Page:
The next area of focus is the gut, and again, this is right up there with the HPA axis in terms of its importance. An impaired gut function can mess with hormones in several different ways, so if you have a parasite or a fungal overgrowth or dysbiosis or leaky gut, that causes inflammation.
Inflammation suppresses the function of the hypothalamus and the pituitary in the brain, which produce the stimulating hormones, and then it also suppresses the function of the adrenals and the ovaries, and the gonads in men that produce the actual hormones.
Inflammatory cytokines can also cause hormone resistance, which we talked about just now, where the levels of hormones may be fine but the receptors on the cells aren’t sensitive to those hormones, so you end up getting the same symptoms.
Dysbiosis has been shown to increase the activity of something called beta-glucuronidase, which reverses hormone conjugation in the liver, which means that you get a recirculation of deconjugated hormones like estrogen back into the circulation, and that can cause estrogen dominance.
Dysbiosis also increases the production of certain downstream estrogen metabolites like 4-OH and 16-OH, which are proliferative. That means that they actually can contribute to breast and prostate cancer, and dysbiosis decreases the production of 2-OH, which is protective against those conditions. I mean, this is just a tiny sliver of the ways that gut issues can affect hormone production. We don’t have time to go into all of it but suffice to say that healing your gut is a really crucial part of addressing hormone problems.
The gut is responsible for approximately 80% of our immunity. If the microbiome of the gut is out of balance the ripple effect on our health can be devastating. Because the functions of a healthy gut are so diverse and so critical, any number of symptoms can appear due to dysbiosis (i.e. an unbalanced gut) & leaky gut.
Any of the following can occur due to dysbiosis & leaky gut syndrome:
- Allergies (because our immunity is directly related to a healthy gut, the ability to fight off allergens, pollutants and tolerate dietary proteins can be negatively affected)
- Autoimmune illnesses (e.g. Lupus, Sclerosis, Chron’s Disease, ulcerative colitis)
- Bone Health / Skeletal Health (if the gut is impaired, absorption of crucial minerals and vitamins such as calcium, magnesium, Vit D & Vit K can be affected and this has a direct link to the health of our bones and teeth). Prolonged deficiencies can result in conditions such as osteoporosis.
- Brain function - gut health also directly affects the brain via the gut-brain axis. There is an intricate network of neurons and signaling molecules that directly connect the nervous system of the gut with the central nervous system. If this gut-brain axis is negatively affected, this may result in conditions such as autism, ADHD, neurodegenerative diseases, anxiety, and depression.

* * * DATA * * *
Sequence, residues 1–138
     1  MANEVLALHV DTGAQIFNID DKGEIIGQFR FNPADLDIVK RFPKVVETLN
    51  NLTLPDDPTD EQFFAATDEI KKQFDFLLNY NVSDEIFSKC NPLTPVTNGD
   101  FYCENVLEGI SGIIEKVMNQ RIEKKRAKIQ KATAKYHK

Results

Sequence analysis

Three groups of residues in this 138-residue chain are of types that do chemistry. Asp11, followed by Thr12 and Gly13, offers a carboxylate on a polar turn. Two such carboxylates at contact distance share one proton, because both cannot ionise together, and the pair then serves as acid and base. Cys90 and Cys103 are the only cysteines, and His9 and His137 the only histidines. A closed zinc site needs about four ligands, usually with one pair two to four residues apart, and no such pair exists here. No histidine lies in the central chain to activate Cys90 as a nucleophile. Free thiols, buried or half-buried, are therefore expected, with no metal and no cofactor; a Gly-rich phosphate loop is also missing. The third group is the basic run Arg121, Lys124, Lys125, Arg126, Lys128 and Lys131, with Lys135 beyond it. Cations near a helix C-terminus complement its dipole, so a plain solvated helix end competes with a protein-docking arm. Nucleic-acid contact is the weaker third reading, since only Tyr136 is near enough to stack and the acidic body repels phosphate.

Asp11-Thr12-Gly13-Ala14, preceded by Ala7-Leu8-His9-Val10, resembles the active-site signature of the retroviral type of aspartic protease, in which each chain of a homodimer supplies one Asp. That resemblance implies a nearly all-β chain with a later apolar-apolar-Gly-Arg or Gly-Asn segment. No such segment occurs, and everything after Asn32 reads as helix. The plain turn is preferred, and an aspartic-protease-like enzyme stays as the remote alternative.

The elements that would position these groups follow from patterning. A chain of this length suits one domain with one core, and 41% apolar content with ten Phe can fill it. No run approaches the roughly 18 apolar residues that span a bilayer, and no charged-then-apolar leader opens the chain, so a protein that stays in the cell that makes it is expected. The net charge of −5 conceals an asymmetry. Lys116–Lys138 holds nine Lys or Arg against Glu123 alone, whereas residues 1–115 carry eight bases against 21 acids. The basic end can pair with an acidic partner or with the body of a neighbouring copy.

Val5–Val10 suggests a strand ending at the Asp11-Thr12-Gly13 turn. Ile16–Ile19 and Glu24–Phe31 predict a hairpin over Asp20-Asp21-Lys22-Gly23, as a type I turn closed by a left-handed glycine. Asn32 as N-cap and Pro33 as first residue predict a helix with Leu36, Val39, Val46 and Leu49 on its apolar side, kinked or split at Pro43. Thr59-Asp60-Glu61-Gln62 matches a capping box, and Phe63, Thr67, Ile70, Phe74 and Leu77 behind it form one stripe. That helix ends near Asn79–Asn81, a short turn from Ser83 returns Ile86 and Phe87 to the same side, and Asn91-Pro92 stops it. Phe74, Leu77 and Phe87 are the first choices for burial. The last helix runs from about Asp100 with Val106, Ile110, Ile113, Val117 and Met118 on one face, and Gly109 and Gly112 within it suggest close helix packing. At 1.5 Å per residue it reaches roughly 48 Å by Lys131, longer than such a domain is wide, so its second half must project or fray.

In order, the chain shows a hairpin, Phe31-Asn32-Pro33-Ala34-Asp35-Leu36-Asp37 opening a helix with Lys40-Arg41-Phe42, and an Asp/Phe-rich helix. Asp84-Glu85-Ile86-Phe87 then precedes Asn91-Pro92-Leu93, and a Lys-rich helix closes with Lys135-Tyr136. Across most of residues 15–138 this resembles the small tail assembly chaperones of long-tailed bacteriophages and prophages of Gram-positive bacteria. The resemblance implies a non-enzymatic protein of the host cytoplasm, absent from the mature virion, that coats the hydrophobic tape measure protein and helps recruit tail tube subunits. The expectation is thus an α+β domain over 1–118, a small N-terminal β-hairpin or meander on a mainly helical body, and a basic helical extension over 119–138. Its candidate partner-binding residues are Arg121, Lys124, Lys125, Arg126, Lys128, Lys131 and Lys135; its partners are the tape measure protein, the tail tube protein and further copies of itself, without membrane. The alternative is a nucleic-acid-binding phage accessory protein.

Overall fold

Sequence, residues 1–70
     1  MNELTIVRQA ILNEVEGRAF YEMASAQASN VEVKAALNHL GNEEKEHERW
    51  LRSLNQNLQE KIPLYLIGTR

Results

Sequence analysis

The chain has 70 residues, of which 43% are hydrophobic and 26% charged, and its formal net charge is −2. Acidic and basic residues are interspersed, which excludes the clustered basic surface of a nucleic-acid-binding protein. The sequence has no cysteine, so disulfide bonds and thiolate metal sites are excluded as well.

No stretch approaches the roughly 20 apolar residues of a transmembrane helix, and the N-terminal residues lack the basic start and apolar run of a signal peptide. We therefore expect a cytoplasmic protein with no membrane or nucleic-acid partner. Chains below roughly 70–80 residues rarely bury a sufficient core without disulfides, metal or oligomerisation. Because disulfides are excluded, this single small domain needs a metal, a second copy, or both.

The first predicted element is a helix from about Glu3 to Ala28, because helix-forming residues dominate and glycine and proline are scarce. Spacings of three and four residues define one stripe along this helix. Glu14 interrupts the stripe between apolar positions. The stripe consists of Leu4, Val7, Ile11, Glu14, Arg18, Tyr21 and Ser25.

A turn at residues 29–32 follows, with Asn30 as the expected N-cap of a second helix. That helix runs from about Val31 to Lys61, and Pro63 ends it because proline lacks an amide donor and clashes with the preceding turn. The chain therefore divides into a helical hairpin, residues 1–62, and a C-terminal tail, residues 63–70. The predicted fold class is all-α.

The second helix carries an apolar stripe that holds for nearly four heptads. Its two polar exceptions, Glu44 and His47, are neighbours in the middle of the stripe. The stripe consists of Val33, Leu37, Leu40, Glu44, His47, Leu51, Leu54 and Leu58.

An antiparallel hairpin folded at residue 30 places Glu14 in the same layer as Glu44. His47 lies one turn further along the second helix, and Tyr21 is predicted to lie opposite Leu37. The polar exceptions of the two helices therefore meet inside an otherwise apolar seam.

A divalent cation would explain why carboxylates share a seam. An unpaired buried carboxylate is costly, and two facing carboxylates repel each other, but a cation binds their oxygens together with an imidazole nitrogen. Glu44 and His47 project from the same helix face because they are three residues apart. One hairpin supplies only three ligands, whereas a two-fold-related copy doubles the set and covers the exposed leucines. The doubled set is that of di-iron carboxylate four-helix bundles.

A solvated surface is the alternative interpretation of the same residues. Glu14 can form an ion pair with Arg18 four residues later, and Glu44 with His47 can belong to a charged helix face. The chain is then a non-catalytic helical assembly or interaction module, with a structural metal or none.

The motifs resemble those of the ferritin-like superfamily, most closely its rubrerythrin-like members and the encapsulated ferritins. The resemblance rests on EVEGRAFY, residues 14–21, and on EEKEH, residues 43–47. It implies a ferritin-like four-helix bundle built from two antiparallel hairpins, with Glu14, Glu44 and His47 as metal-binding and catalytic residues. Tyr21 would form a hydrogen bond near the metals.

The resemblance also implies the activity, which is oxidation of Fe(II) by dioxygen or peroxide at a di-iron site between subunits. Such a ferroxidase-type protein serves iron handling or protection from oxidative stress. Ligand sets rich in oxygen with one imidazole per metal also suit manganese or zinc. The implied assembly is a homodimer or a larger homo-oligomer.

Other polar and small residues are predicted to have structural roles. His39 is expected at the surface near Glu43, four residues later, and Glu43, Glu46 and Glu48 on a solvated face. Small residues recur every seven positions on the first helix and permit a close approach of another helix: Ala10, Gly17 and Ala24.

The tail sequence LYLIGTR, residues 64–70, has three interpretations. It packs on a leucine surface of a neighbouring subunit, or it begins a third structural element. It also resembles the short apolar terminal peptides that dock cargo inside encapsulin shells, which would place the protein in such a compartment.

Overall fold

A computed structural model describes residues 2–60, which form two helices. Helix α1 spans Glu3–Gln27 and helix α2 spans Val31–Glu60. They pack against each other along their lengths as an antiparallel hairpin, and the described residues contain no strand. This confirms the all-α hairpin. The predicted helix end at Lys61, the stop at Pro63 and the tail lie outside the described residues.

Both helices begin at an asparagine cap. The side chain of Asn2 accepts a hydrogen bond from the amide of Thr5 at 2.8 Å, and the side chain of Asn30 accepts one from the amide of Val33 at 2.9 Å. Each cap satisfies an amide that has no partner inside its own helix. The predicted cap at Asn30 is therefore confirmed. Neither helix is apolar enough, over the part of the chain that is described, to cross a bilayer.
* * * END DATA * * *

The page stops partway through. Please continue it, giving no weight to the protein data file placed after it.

- Cancer - Gut microbes capable of metabolizing oestrogens influence the body’s oestrogen levels. An imbalance in the gut bacteria may drive the development of oestrogen-sensitive cancers (hormonal cancers). Furthermore, exposure to xeno-oestogens (or oestrogen-like compounds) can completely alter the gut microbiome. These xeno-oestrogens can be absorbed via our foods, certain medications, BPA-containing water bottles & other forms of plastic packaging.
- Cardiovascular Disease - Gut dysbiosis and leaky gut syndrome can cause bacteria to move from the gut lumen into the bloodstream. This initiates an inflammatory response that triggers the growth and build-up of arterial plaque, which can cause high blood pressure, cause a heart attack or stroke.
- Diabetes (Type 1 & 2) - Gut dysbiosis and leaky gut syndrome allow the leakage of harmful bacterial metabolites into the circulation, inducing chronic inflammation. Constant inflammation of this kind can trigger Type 2 diabetes). This ongoing inflammation can further trigger immune responses which can damage the insulin-producing cells in the pancreas (resulting in type 1 diabetes).
- Gastrointestinal Health - an unhealthy gut can lead to IBS (irritable bowel syndrome), IBD Inflammatory Bowel Disease, SIBO (Small intestinal bacterial overgrowth), and GERD (gastroesophageal reflux disease).
- Immune System - Gut dysbiosis may impair the immune response, increasing the likelihood of gastrointestinal infections and respiratory infections.
- Obesity - Dysbiosis may promote obesity by increasing the amount of energy (calories) obtained from the diet, by promoting leaky gut and systemic inflammation, by increasing appetite, and by inflaming the nervous system, leading to impaired satiety mechanisms
- Skin disorders - Inflammation & inflam-aging can result in any number of skin disorders including acne, rosacea, and melasma.